The Power Law

Venture capital is a unique asset class for many reasons – there are typically minimal to no metrics to evaluate potential investments on, many of the business plans have never been tried before and require a leap of faith, and testing and learning is prioritized over scaling and optimizing (at the earliest stage / pre-product-market fit).

What is also unique is the typical return profile of a basket of startups. VC is unique in that it is the asset class with the highest risk/reward profile. It should come as no surprise that most startups fail, but on the other end there are a handful of startups that produce incredibly high returns. In an asymmetrical risk profile where all you can lose on an investment is the money you put in, and where the most you can make is seemingly uncapped, it starts to make sense that portfolio performance is not about how many of your investments go to zero – it’s about investing in the few companies that end up returning way more capital than originally invested. This understanding is critical for any VC to grasp.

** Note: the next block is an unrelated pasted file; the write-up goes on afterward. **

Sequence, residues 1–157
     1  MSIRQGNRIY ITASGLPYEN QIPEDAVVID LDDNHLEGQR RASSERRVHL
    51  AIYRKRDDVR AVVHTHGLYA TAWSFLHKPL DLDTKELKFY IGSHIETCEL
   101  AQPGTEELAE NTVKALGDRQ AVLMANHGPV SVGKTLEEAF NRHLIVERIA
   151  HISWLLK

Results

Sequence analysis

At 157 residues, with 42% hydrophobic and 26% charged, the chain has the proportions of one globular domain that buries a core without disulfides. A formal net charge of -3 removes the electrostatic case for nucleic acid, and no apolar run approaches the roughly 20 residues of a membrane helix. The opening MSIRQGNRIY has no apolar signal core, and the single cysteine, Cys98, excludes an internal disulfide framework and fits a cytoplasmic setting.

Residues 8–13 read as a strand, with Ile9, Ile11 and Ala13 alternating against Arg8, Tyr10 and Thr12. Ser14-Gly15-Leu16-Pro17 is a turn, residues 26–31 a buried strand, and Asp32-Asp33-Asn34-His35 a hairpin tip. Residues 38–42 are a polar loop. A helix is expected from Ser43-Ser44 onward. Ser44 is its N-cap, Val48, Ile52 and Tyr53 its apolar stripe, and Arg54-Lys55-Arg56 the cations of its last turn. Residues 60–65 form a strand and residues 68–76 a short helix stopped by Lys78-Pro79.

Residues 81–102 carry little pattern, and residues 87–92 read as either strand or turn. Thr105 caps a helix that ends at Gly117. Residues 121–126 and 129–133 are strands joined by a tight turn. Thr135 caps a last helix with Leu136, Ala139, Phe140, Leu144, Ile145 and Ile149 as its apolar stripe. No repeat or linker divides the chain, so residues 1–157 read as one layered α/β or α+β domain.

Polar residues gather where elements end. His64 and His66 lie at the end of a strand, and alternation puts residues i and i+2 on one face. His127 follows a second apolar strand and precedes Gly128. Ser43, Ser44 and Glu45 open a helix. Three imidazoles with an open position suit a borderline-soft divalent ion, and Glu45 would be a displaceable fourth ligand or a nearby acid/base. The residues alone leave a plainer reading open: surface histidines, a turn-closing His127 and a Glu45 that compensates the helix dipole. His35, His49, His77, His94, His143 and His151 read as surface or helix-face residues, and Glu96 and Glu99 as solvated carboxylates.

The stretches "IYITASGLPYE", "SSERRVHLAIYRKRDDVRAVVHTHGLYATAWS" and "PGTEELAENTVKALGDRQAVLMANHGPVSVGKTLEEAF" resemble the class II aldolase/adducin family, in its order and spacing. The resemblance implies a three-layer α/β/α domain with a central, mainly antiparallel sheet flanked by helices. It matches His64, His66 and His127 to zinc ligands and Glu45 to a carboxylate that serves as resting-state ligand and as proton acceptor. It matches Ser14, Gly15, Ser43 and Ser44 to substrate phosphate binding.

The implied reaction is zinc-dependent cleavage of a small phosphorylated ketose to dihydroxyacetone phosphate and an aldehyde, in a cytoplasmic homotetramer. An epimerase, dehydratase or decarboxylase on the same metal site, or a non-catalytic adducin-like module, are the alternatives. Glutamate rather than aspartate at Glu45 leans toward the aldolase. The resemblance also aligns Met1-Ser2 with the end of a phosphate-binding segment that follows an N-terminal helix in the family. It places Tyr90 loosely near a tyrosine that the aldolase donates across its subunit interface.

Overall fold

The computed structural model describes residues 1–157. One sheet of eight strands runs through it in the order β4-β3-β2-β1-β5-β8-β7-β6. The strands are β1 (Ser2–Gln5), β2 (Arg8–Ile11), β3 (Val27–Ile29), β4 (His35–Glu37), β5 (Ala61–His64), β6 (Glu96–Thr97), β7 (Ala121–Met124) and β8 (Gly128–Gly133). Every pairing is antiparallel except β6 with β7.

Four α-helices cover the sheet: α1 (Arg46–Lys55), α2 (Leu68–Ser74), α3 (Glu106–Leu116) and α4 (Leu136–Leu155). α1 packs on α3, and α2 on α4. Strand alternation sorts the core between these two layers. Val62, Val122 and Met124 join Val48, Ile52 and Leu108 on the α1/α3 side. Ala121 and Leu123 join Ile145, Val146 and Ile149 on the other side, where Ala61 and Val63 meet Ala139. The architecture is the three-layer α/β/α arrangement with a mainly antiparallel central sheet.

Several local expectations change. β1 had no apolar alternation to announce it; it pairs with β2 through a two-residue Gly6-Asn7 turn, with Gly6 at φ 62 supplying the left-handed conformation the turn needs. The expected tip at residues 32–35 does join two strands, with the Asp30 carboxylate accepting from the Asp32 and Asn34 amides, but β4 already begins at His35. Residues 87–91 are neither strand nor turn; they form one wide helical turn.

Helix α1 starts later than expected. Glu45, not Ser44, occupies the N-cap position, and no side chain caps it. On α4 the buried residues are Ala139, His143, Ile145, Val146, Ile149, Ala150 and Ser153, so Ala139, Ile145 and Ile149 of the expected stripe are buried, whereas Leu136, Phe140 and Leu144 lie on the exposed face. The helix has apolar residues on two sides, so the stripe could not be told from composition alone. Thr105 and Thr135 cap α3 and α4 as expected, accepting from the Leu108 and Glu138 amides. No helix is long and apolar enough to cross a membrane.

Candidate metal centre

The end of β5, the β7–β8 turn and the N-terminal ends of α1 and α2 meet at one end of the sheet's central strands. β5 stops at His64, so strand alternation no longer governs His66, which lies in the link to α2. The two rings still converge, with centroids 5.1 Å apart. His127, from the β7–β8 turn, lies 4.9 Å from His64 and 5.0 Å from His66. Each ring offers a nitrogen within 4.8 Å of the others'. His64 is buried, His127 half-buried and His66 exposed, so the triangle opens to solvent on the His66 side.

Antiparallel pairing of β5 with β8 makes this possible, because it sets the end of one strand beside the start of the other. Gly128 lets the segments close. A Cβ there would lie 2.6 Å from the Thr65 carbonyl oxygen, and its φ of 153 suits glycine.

Source: a16z and Horsley Bridge

A study by Horsley Bridge found that during 1985-2014, 6% of total capital invested in startups returned 60%(!!) of total returns. As a VC, if one did not have exposure to any of the companies in that bucket it would be extraordinarily difficult to produce to-tier returns. This is because the failure rate in VC is high – the companies that do survive really need to become outsized outcomes.

Version One VC recently disclosed how their Fund I portfolio is faring after 7 years. As you’ll see, without the first two investments it would be very difficult to return the gold standard 3x+ portfolio return (they are currently tracking toward at least a 4x return).

The key takeaway is that venture is a game of outliers. This is why a lot of the biggest outcomes have been ideas and business models that were probably laughed at constantly before it became obvious that they would become a success. One cannot be afraid of failure – on the contrary, if your failure rate is too low you’re probably not taking enough risk. Only invest in companies that have the potential to return many times the original investment, ones that are either creating a new market or going after a very large market, and are led by founders who have a growth mindset and are intent on dominating their industry.

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